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S U M M A R Y

For more than half a century the famous Hortobágy „Puszta” (prairie) had been guarding a well-kept secret of en inhuman period of our history, the Hungarian Gulag, the Stalinist Siberia of our country.

In the first half of the 1950ies Hortobágy Puszta was the scene of the tragic fate of several thousand deported Hungarian families. From 1950 to 1953 about the thousand people were deported to the Puszta, families in the thousands were in captivity in twelve labour camps. For a long time even the still living victims and witnesses did not dare to speak about the facts and the documents of the restricted, inaccessible archives were locked even for historians until 1995, five years after the political changes.

In 1990 at least a thousand former Hortobágy deportees gathered to celebrate the erection of their first memorial the Hortobágy Cross at the famous nine-arched bridge. This cross is made of rails to commemorate the deportees, who after being driven out of their homes, were transported in cattle cars to the fenced labour camps. Since the time the Hortobágy Cross has become a place of pilgrimage. The communist system covered up most of the traces of the secret labour camps and yet memorials and memorial tablets are set up one after the other at the site of the different labour camps for history and posterity. These memorials are shown in our publication.

At the beginning of the 1950ies, when in Western Europe the war was already forgotten, and peaceful rebuilding was pursued, in the last years of Stalin, the Soviet dictator, terror reached its highest level. There is now extensive literature dealing with this period, however, only in 2001 and 2002 the first two volumes of Outcasts, based on the most recent research on Hortobágy labour camps, were published.

A map shows the sites of the labour camps, and the date when they were established. The number of people refers to the year 1953, the time when the deportees were released, we have to add to this number the estimated number of those who died and that of the earlier released children. This way the total number might be as high as 10 thousand.

Anybody could have been on the deportee list, it was enough to have a big, well-equipped farmhouse, or a nice spacious apartment in the city or to have an influential enemy. However, the purpose of the deportation was clear: first of all to liquidate the urban and agricultural middle class ant to terrify the whole society. This, up to this day concealed and in our country unprecedented deportation has no adequate term to define what really happened. In the fifties the authorities used deportation as code-name, and the deportees were called settlers.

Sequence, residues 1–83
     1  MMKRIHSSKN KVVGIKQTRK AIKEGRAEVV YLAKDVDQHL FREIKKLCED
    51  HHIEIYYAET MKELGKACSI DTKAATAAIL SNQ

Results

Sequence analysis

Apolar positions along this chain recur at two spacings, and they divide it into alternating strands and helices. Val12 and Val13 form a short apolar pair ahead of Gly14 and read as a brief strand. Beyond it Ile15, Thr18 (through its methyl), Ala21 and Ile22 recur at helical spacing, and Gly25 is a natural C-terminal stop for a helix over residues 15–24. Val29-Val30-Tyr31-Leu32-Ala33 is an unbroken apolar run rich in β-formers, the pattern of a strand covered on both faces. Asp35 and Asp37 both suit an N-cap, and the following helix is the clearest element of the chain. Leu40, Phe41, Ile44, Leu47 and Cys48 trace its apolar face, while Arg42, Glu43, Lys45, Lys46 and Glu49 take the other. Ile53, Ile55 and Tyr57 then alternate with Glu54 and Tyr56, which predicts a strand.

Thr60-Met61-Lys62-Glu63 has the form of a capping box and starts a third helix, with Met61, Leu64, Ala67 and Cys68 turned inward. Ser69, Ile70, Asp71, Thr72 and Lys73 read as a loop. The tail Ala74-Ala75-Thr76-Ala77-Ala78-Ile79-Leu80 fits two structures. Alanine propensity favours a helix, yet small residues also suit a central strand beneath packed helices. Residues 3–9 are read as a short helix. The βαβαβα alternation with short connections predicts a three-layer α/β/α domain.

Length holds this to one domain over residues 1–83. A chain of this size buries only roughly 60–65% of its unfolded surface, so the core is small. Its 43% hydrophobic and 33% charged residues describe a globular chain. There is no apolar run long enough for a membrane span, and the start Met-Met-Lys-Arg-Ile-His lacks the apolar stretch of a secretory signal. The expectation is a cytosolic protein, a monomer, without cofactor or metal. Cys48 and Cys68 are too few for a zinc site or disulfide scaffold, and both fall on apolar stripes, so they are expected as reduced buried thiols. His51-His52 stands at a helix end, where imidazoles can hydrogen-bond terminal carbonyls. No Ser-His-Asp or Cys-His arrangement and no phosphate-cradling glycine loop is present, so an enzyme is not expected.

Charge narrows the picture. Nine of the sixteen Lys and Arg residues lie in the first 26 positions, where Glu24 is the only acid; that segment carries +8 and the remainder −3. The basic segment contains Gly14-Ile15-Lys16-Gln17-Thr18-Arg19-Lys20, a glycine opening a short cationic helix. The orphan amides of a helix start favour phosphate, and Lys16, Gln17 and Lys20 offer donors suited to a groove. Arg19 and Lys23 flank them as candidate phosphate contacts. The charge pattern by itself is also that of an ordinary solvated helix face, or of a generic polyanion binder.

The first wave of the State Security Authorities’ well-coordinated, secret action swept through the village of the southern frontier line. More than two thousand people were rounded up on 23rd June 1950, and the seven first labour camps were set up. Then in 1952 the last two camps were populated by people rounded up in some provincial towns like Nagykanizsa, Miskolc, Szeged.

Armed groups of police and State Security raided the families without any previous notice, after giving the families half an hour to pack some of their belongings, all of them, small children, old people and the sick were taken away. In half an hour’s time they lost their properties, belongings, their houses or apartments were confiscated.

After their arrival in the Puszta they were crowded into sheep-folds in groups of one or ever two hundred, where they were forced to work long hours under terrible conditions. Their documents were confiscated, and they were forbidden to have contact with the outside world. Medical treatment was almost out of reach, they were taken to hospital only in case of severe emergency.

The decree the deportees got from the authorities did not even mention the time period of the deportation, they had no hope to get their freedom back.

After Stalin’s death the political system gradually let up. In July a law was enacted to dissolve the forced labour camps. From August to the end of October the deportees were released in small groups, but the majority was still expelled form their village or towns. They did not get their properties back, this way it was very hard to start a new life. Their past record and the police or security observation documents followed their steps until 1990. Young people had trouble to get college or university admission.

The elderly and the parents’ generation could not live to see the collapse of communism. We have erected the Hortobágy monuments to commemorate our grandparents and parents and so that future generations should be able to learn from history.

Budapest, 23 June 2010.

Kinga Széchenyi

Association of Hortobágy Forced Labour Camp Deportees

 

  

 

 

 

 

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